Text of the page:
(Gething, 1995).

    The nurse uses this information and knowledge about the young adult’sdevelopmental tasks to assess the domains of health. These domains can includephysical, psychological and emotional and then intervene according to thepositive and negative aspects of their health. Assessing and intervention is forthe well being of the young adult. To maintain the autonomy and sense ofachievement of the young adult the nurse should suggest positive alternatives asappropriate. Erikson describes the development of depression, anger and failureor delay of intimacy as a result of dysfunctional development. (Gething, 1995).

    As the nurse can assist with advice and positive encouragement, he or she mustalso accept the decision made by the young adult, “…assisting with necessaryadjustments relating to health.”(Kozier, Erb et al, 1995, P.843).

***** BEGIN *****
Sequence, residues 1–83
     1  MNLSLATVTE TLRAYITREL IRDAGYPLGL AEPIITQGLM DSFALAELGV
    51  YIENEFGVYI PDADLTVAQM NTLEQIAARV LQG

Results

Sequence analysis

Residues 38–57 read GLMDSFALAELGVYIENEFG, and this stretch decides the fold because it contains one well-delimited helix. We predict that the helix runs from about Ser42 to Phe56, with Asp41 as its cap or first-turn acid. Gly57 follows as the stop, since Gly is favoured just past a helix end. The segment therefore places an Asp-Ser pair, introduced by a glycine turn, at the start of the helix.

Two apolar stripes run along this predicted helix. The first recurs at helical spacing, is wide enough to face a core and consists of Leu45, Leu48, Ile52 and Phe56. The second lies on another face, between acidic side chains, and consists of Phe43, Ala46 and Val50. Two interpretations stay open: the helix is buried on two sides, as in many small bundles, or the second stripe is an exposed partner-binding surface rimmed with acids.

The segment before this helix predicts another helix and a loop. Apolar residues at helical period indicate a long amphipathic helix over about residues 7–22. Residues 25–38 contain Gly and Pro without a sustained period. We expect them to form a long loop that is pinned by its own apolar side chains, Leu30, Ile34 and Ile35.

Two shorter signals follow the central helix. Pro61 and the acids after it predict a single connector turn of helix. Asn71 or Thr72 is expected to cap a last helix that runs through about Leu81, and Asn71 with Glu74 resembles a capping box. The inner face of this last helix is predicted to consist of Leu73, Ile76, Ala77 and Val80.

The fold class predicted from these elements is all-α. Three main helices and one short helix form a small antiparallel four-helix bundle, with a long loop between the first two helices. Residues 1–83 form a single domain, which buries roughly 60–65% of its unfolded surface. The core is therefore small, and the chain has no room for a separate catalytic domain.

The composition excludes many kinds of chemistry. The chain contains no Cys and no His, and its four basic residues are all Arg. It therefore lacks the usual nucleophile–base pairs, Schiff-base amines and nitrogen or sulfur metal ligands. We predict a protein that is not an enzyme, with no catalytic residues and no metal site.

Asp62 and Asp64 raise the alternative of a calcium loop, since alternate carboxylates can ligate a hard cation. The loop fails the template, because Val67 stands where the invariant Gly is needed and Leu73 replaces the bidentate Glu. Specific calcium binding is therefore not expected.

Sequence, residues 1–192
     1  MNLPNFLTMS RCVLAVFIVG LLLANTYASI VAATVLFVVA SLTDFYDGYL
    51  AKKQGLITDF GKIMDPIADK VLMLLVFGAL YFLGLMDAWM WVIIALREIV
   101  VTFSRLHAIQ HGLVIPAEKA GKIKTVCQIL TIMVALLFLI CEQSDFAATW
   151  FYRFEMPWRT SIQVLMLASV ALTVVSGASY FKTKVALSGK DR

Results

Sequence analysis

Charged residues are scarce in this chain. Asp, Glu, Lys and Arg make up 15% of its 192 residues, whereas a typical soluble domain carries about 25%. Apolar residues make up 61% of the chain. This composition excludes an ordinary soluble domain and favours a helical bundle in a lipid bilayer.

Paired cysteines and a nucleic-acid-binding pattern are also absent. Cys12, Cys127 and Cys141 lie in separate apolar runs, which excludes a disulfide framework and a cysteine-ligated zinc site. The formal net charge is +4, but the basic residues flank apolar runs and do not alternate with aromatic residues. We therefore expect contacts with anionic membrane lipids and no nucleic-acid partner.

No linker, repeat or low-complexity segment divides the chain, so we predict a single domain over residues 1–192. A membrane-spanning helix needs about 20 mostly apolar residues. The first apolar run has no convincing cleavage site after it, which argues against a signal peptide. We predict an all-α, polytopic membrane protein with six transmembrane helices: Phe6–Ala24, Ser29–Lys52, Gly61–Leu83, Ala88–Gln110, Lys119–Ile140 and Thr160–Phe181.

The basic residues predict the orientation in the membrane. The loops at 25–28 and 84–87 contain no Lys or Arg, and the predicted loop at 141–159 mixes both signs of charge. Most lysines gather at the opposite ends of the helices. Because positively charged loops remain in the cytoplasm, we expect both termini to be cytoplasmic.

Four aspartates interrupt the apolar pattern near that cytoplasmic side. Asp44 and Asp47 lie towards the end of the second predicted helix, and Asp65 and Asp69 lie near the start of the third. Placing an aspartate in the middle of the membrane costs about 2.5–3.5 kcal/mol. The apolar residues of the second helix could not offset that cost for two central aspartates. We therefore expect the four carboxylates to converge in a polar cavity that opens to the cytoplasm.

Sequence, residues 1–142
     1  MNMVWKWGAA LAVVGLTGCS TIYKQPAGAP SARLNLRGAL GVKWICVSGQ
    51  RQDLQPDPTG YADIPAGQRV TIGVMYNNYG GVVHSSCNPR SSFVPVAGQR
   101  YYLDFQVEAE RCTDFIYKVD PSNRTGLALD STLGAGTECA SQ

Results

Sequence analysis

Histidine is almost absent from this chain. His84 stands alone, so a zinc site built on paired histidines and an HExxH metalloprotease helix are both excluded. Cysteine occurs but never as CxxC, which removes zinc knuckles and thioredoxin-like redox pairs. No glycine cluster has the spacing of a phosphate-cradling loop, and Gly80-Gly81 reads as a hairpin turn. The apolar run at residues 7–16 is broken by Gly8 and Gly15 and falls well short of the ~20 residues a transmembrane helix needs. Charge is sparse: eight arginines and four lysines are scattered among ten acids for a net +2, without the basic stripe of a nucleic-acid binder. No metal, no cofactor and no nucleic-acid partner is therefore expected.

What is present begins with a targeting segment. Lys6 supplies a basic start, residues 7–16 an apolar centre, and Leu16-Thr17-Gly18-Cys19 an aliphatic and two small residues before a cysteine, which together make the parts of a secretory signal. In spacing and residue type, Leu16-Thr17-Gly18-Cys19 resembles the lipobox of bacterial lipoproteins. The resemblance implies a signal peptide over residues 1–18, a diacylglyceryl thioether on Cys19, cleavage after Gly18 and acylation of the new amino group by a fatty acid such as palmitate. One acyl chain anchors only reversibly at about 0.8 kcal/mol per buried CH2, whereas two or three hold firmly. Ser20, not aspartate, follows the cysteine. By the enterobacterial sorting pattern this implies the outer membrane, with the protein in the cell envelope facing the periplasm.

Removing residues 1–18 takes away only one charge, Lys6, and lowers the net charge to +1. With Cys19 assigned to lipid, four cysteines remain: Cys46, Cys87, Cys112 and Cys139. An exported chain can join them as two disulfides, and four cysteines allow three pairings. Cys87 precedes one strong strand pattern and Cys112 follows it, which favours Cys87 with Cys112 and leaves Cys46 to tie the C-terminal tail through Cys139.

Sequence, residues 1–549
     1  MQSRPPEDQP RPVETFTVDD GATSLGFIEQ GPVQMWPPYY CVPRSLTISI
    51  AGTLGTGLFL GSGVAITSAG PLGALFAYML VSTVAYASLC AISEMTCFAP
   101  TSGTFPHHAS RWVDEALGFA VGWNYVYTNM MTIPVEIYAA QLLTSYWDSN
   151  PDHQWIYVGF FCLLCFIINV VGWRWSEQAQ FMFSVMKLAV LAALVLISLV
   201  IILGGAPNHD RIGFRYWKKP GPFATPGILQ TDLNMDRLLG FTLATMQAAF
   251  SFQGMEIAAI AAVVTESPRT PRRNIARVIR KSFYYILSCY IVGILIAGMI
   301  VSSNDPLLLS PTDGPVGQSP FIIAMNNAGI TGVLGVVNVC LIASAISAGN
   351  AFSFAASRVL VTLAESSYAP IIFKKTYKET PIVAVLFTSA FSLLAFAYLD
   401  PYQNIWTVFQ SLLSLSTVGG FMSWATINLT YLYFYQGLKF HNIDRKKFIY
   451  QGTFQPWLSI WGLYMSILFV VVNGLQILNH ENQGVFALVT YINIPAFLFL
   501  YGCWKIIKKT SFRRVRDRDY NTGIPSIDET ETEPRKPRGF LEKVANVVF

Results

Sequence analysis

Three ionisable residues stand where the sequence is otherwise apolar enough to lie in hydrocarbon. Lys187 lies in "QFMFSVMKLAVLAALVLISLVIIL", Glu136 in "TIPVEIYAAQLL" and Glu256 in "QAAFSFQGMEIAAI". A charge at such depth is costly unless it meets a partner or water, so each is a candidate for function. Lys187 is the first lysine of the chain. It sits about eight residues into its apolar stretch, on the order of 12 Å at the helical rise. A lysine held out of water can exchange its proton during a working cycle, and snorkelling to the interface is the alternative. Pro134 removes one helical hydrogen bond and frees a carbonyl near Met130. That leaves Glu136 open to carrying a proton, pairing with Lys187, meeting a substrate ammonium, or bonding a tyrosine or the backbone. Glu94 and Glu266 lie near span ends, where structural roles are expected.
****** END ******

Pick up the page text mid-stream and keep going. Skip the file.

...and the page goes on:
The young adult period is marked with many changes to the life of a person. Thedecision related to career paths, development of relationships with peers andromantic relationships all places a lot of pressure on young adults. Erikson’spsychosocial theory of development describes intimacy versus isolation to be themajor issue for the young adult in personality development for the person in thetwenty to forty years age ranges. In the tasks of this stage the young adultmust resolve the issues to achieve growth and pass on to the next stage ofdevelopment. The nurse should posses the ability to asses the development of theyoung adult and appropriately provide support and encouragement.

    Eriksons Psychosocial Theory Of Development: Young. (2019, Mar 09). Retrieved from